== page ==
The 1913-14 directory lists Merle Mosher as a chauffeur and Harry Nelson as an employee at the Monrovia Auto Livery company.  (Yes, early phone directories also included one’s occupation, too.)   Due to missing city directories, we are unable to determine exactly when their partnership began.  It had not formed in 1915 when H. Holdsworth advertised in the Monrovia Daily News that he had Fords for sale at 701 South Myrtle Avenue—“$625 f.o.b.”   (FOB stands for “free on board”, meaning that the buyer pays the shipping costs)

Automobiles were certainly a growing presence in Monrovia in the early 1920s.  Building permits from that time period document that many homeowners were building garages to complement their already existing homes, while building permits for new homes also included plans for a garage.   In 1922, there were at least eight car dealers in Monrovia including Buick, Cadillac, Chevrolet, Dodge, Nash, Studebaker, Packard and the Nelson & Mosher Ford Agency.  There was also at least one used car dealer at this time.  The car dealers were mainly located in the 100 and 200 block of South Myrtle, including the corner lot at Myrtle and White Oak.

If one looks into the rafters above the painted Ford sign, it is possible to make out the remnants of Nelson and Mosher’s names.


It appears from early insurance maps that the Ford sign was painted on an exterior wall that overlooked a narrow driveway or alley that allowed vehicle access to the rear of the property.   So when did the wall become part of an interior building?  There may be a clue in the dissolution of the Nelson/Mosher partnership.

By 1924, the Nelson & Mosher partnership no longer existed and Harry Nelson was the sole proprietor of Ford Sales and Service at 115-117 W. White Oak Ave., not the previously listed 119 W. White Oak Avenue.  Was this when the alley/building was remodeled?  Harry Nelson never bothered to paint over his previous partner’s name, so it is possible that at this time the exterior wall became an interior wall and was covered with plaster.  It is also interesting that Merle Mosher was no longer listed as a resident of Monrovia in 1924. 
Possible home of Merle Mosher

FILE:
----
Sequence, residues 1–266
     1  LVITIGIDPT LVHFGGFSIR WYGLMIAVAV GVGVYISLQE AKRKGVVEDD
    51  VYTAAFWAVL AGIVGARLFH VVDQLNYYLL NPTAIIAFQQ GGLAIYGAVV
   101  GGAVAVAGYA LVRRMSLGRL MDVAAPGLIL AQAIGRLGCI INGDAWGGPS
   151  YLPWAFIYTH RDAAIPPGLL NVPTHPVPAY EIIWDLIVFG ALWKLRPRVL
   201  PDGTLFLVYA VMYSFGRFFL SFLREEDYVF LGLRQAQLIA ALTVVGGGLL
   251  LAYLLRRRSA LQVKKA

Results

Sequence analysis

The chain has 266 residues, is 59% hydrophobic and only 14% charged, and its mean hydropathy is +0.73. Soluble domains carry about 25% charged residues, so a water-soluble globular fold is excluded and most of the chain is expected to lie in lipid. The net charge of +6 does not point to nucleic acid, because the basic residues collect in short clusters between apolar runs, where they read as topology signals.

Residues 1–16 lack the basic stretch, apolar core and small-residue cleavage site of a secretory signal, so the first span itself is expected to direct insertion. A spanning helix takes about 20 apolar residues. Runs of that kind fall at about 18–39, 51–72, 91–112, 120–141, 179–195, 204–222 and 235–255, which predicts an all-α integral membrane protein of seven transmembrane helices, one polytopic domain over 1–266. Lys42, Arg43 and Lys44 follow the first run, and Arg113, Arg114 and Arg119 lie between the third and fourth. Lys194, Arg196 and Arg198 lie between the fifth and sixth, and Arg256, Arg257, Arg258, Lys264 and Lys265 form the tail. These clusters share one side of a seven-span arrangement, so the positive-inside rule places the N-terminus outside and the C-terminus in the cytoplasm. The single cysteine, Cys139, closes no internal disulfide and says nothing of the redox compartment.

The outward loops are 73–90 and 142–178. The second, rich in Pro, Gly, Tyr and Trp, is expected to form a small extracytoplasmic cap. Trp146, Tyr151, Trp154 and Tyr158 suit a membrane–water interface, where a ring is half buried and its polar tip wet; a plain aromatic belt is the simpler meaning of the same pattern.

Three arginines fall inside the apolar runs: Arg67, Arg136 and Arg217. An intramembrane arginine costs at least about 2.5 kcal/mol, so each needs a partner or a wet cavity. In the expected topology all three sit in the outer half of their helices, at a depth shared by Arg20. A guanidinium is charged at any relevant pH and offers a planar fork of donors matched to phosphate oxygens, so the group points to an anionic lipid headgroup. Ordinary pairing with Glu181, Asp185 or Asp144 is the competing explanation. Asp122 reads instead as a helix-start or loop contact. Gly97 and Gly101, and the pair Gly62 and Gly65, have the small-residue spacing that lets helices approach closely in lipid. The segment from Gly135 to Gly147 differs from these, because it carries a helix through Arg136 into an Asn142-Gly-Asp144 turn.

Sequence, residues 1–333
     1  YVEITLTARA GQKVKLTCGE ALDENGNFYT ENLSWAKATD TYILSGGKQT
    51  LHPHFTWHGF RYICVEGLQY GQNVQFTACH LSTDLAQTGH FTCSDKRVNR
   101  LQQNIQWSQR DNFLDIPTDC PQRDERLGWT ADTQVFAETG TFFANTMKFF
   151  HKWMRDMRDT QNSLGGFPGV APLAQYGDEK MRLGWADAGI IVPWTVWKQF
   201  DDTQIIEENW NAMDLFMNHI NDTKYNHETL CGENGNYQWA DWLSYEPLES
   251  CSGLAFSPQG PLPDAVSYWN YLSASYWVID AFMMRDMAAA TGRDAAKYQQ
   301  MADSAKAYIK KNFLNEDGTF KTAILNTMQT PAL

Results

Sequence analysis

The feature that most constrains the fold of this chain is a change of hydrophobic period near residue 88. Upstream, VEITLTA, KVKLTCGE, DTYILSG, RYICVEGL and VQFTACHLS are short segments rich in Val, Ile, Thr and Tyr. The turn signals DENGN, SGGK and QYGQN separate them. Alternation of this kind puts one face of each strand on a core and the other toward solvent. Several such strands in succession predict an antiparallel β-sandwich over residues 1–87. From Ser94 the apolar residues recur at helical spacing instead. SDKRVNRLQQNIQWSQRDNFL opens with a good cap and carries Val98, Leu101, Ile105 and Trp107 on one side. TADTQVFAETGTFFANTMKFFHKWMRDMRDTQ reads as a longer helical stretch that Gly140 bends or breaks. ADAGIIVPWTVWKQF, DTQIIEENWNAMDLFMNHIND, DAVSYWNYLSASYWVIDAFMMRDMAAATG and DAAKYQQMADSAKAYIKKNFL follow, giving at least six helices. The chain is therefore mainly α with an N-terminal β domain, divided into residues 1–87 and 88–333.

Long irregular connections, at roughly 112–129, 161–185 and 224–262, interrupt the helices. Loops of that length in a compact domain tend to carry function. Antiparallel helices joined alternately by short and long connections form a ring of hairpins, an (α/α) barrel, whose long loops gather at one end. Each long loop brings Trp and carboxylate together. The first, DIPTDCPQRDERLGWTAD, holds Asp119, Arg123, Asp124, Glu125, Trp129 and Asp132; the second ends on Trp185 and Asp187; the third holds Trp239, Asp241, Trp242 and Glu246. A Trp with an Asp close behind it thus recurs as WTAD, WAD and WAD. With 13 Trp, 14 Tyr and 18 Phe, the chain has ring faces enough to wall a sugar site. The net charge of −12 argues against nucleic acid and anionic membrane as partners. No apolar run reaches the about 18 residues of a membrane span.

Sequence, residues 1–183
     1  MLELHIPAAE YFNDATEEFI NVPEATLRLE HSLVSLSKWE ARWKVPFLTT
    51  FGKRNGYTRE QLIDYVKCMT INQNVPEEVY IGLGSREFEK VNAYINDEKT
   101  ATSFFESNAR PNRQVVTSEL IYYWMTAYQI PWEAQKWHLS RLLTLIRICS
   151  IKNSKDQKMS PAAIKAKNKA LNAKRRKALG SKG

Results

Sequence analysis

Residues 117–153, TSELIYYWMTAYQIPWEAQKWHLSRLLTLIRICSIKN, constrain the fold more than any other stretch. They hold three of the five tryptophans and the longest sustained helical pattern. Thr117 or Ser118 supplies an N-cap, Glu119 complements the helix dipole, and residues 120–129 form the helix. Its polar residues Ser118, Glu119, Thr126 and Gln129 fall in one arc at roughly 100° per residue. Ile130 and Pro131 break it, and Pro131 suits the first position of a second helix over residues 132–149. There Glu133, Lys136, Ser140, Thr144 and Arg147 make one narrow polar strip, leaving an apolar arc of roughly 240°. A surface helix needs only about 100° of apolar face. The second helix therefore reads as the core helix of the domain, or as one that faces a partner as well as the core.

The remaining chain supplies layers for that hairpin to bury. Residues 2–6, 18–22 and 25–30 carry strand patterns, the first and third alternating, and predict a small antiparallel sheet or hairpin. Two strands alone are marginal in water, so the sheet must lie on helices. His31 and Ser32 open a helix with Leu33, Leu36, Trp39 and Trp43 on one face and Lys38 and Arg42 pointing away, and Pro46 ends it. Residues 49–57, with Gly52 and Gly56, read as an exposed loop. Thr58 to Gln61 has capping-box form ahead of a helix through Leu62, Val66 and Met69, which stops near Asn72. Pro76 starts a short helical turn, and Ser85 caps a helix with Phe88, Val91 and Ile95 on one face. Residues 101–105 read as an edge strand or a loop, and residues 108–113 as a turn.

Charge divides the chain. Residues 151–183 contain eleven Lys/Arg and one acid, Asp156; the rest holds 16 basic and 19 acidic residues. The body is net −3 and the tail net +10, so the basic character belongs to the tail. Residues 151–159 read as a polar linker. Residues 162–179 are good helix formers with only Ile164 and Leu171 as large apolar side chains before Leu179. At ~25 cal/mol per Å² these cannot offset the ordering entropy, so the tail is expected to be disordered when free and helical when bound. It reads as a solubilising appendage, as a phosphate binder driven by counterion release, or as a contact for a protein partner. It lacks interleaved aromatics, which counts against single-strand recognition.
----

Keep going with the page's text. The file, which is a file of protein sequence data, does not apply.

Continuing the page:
409 (405) East Olive Avenue

Also in 1924, Mosher’s Dry Goods which had been located at 425 South Myrtle since at least 1914 was no longer listed in the City Directory.  Assuming these Moshers were related, it appears the majority of the Mosher family left Monrovia at this time. 

Note the ads at the top and bottom of the page
from the 1922-23 Directory.
Coincidence?  Probably.
Harry Nelson maintained his Ford Agency in this location until at least 1931.  By 1946, Harry Nelson was no longer in the Ford business.  Monrovia’s Ford dealership was now located at 133 West Colorado Boulevard and was owned by Bud Miller.  Eventually, this property became part of a public parking lot and is now Colorado Commons.    

A final interesting note is an advertisement found in the Monrovia Daily News for the month of January 1915.   A realtor took out an advertisement for:

“Three lots on W. White Oak.   150 feet from Myrtle.  The lots were purchased by C.C. West for garage purposes but owing to the stand taken by the city authorities his plans have been abandoned.  Authorized to offer property at $3000” 

While it does not specify if these lots were on the north or south side of White Oak, if they are the north side lots they would include the site of the Mosher and Nelson Ford Agency.  Further research may uncover some answers—is this the actual location and what was the stand taken by city authorities?  So many questions...

Thanks to guest blogger Penny for all the research.